A Model United Nations (MUN) conference is a simulation of various international legal, political, economic, and social bodies. During an MUN, students take on the role of judges, diplomats and ambassadors, representing different states or Non-Governmental Organizations (NGOs). MUNs allow young people to experience the complexities of international relations with a focus on current events, historic developments as well as pressing (simulated) crises. This involves extensive public speaking and debating skills, problem-solving mindsets and willingness to be a politically interested leader of tomorrow. One of the major skills that delegates (meaning all the students that participate) get to practice during the conference is the application of the law to real life; delegates are constantly compelled with the question of a certain measure being within the competence of their committee, or whether the resolution on the floor respects the procedural requirements that were outlined in previous agreements. The goal of an MUN is to allow participants to gain insights into politics and in the world of diplomacy in a setting that is both respectful and challenging. Furthermore, delegates engage in intercultural exchange by facilitating dialogue across different cultures and nationalities, developing their skills, not only professionally but also socially, and making connections that will outlive the conference.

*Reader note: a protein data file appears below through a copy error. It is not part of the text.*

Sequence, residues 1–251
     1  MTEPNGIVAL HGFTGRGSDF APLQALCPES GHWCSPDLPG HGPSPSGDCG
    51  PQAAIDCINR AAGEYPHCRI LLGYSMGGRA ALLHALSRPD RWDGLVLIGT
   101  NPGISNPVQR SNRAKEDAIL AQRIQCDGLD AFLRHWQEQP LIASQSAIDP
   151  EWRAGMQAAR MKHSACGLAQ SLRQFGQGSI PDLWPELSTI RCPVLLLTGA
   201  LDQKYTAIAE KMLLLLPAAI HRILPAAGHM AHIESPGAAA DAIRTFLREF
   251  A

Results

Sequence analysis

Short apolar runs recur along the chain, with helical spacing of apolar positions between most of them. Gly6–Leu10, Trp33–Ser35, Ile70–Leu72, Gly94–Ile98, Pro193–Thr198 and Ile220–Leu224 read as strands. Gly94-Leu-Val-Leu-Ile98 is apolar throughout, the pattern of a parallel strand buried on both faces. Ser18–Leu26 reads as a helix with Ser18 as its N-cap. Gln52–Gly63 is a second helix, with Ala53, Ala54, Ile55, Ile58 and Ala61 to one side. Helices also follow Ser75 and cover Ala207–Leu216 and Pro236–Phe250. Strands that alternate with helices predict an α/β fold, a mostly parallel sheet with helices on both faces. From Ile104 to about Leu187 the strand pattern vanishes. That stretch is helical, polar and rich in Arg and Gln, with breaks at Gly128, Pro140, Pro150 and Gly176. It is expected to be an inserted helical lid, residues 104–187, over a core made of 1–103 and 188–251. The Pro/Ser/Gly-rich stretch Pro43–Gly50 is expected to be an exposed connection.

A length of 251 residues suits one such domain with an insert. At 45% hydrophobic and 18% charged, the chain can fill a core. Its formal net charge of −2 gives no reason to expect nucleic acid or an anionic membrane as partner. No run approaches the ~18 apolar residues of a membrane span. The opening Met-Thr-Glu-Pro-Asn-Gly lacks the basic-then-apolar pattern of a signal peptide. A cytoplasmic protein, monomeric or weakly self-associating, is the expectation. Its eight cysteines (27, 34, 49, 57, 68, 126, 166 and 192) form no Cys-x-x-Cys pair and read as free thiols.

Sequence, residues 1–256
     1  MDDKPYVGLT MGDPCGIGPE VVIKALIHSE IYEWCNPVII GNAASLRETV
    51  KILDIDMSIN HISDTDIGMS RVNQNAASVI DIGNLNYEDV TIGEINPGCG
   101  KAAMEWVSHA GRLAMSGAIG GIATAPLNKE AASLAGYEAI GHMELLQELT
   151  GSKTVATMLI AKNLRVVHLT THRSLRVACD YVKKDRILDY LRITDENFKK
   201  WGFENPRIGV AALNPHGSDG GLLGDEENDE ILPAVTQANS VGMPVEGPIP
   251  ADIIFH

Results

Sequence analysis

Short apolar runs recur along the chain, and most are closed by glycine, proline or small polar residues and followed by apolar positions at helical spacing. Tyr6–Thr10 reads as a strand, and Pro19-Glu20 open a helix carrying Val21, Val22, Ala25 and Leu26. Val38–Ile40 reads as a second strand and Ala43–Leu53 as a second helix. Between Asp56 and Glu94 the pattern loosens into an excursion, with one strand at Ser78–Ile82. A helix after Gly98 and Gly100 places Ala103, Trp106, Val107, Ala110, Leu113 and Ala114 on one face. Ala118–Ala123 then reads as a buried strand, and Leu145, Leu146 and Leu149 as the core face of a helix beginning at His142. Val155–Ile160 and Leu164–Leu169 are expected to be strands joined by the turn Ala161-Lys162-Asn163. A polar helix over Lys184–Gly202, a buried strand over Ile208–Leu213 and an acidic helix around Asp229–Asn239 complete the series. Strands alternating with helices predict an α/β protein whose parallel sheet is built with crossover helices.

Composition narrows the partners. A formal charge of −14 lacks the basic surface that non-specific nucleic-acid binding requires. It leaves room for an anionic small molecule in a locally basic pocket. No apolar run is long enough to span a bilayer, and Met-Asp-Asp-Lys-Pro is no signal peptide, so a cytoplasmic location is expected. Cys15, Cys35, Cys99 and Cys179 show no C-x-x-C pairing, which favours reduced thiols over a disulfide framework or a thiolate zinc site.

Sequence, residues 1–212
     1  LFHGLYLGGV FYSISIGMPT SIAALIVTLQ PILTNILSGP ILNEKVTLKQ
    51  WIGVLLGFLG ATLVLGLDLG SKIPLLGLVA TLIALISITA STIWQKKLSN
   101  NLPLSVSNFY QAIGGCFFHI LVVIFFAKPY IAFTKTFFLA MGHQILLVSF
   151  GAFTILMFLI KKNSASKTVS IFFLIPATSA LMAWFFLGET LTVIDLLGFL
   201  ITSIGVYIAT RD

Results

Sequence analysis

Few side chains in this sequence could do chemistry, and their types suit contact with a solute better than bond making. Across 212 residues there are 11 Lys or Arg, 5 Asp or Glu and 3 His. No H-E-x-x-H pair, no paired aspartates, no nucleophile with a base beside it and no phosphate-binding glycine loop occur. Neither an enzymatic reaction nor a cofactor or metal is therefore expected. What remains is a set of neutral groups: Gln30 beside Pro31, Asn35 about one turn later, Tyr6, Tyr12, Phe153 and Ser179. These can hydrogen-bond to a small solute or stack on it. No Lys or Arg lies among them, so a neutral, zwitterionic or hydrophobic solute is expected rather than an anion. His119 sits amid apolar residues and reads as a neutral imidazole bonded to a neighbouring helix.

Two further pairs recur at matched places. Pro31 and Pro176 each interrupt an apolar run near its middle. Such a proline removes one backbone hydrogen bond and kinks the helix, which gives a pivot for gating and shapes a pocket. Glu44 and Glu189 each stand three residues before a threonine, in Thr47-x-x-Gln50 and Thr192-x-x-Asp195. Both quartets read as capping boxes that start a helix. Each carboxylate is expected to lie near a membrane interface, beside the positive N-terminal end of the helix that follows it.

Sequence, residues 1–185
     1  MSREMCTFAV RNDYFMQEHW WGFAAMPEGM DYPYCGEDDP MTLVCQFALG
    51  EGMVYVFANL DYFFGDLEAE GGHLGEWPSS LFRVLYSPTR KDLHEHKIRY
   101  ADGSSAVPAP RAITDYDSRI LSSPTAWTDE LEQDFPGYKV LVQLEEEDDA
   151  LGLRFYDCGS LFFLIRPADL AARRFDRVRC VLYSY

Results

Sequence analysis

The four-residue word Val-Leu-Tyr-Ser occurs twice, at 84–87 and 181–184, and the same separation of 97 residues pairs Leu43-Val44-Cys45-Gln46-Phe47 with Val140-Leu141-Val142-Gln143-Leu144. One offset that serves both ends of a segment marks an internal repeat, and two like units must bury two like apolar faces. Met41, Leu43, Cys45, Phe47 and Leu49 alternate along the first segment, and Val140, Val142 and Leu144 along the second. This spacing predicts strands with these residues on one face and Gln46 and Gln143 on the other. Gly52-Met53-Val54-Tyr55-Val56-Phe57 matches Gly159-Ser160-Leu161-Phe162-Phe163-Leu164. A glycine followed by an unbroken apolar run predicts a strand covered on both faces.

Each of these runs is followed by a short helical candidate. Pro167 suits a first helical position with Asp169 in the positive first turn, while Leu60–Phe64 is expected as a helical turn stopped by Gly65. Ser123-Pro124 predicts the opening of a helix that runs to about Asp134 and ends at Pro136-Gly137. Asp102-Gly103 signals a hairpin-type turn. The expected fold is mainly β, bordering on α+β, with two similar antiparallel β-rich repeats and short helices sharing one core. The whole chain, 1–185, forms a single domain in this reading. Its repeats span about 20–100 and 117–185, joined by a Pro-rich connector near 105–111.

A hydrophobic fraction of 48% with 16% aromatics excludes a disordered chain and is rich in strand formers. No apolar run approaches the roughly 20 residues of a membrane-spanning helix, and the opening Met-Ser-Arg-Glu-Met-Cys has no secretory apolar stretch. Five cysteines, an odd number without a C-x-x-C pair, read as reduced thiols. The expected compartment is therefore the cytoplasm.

In a nutshell, an MUN is a conference in which students typically role-play delegates to the United Nations (or other institutions) and simulate UN/EU committees. They are given a country’s view point, and need to defend it during debate.